India again cracked under pressure
The Koreans kept their composure and mounted repeated raids, which proved too much for the shaky Indian defence, writes Pargat Singh.india Updated: Sep 12, 2006 18:44 IST
Repeatedly cracking under pressure at the closing stages does not do credit to a team in any grade of hockey, leave alone an international side. Indian defence's habit of conceding late goals has now become an acute embarrassment.
India is on its way to play for the bottom four spots once again, after succumbing to pressure and conceding two goals in the last eight minutes that gave South Korea a 2-1 victory in the World Cup preliminary league match.
The way the Koreans negated their one-goal deficit to emerge victorious ought to be a lesson for us. Even when India was leading and the luck appeared loaded against South Korea, they never gave up. The Koreans kept their composure and mounted repeated raids, which proved too much for the shaky Indian defence.
South Korea almost forced penalty corners at will, testing the nerves of the Indian defenders who appeared at sea whenever the Koreans broke into the scoring zone. The way these Korean strikes weaved patterns in our territory would have rattled any defender, especially when the half-line was unable to put up a challenge.
That India was still leading by a goal just seven minutes from the hooter was a credit to goalkeeper Adrian D'Souza's brave effort of charging out to block South Korean drag-flicks on penalty corners. That was a big reason for the Koreans not breaching the Indian defence earlier than the 63rd minute.
It also helped India that South Korea's penalty corner drills were not quite functional, until late in the second session.
India could also count itself lucky that a penalty stroke awarded against them was later reversed by the umpires. That could have upset the Koreans' rhythm, but they showed themselves to be tough fighters.
No one would blame a team if it gives up after seeing so many chances go waste, but the Koreans realised they had the Indian defence under their spell. Their never-say-die attitude paid dividends in the end.
It is not for nothing that the Asian challenge in contemporary world hockey is spearheaded by South Korea, who announced their arrival on the international stage with a bang two decades ago.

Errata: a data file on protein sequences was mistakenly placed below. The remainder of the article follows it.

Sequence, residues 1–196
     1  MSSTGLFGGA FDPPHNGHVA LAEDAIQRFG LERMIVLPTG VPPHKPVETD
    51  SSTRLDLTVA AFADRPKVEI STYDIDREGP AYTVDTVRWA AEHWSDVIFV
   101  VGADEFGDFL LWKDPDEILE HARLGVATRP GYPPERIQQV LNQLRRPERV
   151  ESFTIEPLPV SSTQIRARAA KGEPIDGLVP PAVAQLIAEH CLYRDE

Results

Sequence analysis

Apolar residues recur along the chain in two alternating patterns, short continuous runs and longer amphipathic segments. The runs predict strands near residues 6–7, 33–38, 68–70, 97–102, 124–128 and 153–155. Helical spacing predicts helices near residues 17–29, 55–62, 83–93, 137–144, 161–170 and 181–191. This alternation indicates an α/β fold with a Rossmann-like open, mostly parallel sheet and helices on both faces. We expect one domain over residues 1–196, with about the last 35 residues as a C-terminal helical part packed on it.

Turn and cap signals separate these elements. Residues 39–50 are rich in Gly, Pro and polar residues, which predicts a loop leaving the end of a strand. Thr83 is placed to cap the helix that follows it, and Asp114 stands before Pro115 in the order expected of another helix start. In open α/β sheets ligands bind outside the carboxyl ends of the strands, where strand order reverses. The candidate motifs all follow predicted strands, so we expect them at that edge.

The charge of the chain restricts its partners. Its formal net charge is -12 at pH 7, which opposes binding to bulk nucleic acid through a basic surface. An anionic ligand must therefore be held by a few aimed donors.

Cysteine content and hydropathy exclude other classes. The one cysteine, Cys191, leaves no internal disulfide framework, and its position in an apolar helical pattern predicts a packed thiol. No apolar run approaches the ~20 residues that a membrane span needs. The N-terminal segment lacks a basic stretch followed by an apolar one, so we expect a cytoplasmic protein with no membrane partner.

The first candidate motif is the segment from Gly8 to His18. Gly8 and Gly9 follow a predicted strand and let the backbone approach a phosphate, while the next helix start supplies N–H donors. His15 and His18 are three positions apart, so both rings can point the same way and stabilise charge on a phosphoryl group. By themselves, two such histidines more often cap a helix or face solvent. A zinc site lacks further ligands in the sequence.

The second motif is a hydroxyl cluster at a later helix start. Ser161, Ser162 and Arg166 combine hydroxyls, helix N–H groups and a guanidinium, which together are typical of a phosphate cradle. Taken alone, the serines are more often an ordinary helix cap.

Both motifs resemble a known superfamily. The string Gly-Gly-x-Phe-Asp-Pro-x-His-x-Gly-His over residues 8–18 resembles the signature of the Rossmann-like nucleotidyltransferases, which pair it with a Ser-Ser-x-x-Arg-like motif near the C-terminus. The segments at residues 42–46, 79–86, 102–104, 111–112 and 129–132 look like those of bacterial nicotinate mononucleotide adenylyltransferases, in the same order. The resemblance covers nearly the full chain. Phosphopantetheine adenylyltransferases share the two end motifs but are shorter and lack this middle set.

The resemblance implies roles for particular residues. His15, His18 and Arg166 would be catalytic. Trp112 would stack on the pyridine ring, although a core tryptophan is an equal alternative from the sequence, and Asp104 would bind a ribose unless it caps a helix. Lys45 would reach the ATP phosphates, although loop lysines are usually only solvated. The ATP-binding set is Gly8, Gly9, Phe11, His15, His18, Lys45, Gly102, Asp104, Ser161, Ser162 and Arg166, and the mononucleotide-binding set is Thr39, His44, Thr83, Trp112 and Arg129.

South Korea first sparkled when they won the Asian Games title for the first time at Seoul in 1986, breaking the South Asian monopoly of India and Pakistan playing every final in the continental event. They have not looked back since.
Claiming the silver medal at the 2000 Olympics proved why the Koreans are so highly regarded in world hockey and are considered among the toughest rivals.
Many of the Indian players would have been aware of the grand comeback that South Korea made in the Sydney Olympic final against the Netherlands, when they scored two goals minutes from the end to tie the scores at the end of regulation period.
When you take on such rivals, you simply cannot leave gaps in the defence. India's defence posed no threat for the South Koreans, who were trying to make amends for allowing South Africa to hold them to a draw in the previous match.
South Korea are in with a chance of making the semifinals and their desperate thrust in the closing stages was to be expected. India should have bolstered its defence after watching it crumble in the final stages of previous matches.
With South Korea missing so many penalty corners, India could have increased their lead through frequent counter-attacks that opened up chances, but the strikers were not able to capitalise.
It was the same old story again, and we don't seem to be finding a solution for it. We are neither scoring goals, nor able to plug the gaps in our defence.